Why Did Reproductive Health Improve in Washington DC in the 1990s? The Role of Demographic and Socioeconomic Changes
Sanders Korenman, City University of New York at Baruch
Danielle H. Ferry, National Bureau of Economic Research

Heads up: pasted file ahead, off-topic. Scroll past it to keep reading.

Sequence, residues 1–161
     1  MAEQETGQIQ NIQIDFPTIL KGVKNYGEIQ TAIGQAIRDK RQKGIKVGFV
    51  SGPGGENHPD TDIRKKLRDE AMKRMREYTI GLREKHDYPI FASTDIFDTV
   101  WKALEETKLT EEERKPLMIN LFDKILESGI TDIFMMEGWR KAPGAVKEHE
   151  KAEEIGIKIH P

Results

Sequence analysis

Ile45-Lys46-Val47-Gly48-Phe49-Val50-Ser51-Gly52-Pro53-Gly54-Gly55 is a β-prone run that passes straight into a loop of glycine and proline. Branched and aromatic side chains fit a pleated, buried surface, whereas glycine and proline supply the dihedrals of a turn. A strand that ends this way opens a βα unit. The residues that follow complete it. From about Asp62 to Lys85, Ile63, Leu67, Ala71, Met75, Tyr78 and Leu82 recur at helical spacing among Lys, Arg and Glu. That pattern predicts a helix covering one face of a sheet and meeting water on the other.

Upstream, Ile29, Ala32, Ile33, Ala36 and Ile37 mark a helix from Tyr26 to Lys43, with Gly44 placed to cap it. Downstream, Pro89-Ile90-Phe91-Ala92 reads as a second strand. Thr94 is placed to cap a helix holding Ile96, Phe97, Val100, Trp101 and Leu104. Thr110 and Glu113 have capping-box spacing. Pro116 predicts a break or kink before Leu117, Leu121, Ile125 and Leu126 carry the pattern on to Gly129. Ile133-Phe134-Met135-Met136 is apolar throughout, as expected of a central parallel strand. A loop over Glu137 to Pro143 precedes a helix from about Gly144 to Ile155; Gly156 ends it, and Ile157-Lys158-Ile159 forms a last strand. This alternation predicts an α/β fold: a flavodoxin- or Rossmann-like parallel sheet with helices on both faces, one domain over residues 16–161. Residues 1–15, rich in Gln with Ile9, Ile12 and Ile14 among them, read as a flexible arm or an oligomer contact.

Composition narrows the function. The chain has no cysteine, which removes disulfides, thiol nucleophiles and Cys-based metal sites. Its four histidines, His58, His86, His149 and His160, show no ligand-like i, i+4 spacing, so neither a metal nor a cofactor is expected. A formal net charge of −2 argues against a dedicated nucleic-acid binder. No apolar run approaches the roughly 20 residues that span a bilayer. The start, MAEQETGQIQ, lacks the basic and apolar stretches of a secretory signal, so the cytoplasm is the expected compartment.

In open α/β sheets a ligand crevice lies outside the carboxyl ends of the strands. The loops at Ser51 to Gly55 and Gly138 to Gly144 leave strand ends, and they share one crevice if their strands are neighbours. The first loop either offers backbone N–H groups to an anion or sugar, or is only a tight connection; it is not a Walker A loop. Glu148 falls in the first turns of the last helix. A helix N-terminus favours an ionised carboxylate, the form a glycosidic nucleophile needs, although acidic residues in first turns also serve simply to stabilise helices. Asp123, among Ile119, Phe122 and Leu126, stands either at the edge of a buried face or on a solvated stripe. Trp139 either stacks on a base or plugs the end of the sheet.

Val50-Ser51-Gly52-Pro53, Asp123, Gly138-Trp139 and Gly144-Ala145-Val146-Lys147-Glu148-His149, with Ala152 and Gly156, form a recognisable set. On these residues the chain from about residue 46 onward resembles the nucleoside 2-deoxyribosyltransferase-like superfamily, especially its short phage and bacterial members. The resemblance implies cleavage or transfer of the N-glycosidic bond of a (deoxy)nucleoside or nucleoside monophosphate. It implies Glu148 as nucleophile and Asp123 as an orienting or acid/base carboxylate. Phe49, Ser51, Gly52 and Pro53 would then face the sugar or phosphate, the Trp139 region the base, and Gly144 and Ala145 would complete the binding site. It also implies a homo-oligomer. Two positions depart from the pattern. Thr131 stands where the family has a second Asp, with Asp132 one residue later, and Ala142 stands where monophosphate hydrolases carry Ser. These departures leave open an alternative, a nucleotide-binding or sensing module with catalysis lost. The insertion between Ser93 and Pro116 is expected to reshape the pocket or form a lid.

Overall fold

Washington DC experienced astounding improvements in reproductive health in the 1990s: the infant mortality dropped by one half; mean birth weight climbed 73 grams; LBW fell by 30 percent, VLBW fell by one third; the proportion preterm fell by one quarter; and the proportion full-term, low weight fell by 30 percent. The prevalence of socio-demographic risk-factors such as unwed and teen motherhood also declined. Results indicate that changes in marital status and age account for none of the improvements in reproductive health. Improvement in health was restricted to black mothers and infants, yet there was little trend in marital status among blacks. Changes in the maternal age distribution had, if anything, an adverse impact on maternal and infant health in the district because, among DC blacks, rates of (e.g.) LBW rise with age. Increased education improved health, and a 50% decline in black births boosted “compositionally” DC reproductive health indicators.